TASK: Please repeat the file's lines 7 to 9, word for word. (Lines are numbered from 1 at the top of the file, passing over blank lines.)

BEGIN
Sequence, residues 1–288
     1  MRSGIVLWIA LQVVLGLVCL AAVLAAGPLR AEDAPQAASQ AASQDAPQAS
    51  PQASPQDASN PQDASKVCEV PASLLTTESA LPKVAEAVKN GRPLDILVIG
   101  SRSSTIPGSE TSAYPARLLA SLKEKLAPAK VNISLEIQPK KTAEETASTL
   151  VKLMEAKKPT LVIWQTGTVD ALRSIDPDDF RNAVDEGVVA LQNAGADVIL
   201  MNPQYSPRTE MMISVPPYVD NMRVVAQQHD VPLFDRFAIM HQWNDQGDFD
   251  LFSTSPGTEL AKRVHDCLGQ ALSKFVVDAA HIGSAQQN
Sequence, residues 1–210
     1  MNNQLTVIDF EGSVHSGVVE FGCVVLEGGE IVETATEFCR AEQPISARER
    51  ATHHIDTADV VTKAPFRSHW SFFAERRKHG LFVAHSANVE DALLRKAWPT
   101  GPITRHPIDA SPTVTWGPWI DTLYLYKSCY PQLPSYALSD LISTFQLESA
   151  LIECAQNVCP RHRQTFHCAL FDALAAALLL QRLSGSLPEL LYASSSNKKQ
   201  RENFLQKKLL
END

   251  LFSTSPGTEL AKRVHDCLGQ ALSKFVVDAA HIGSAQQN
Sequence, residues 1–210
     1  MNNQLTVIDF EGSVHSGVVE FGCVVLEGGE IVETATEFCR AEQPISARER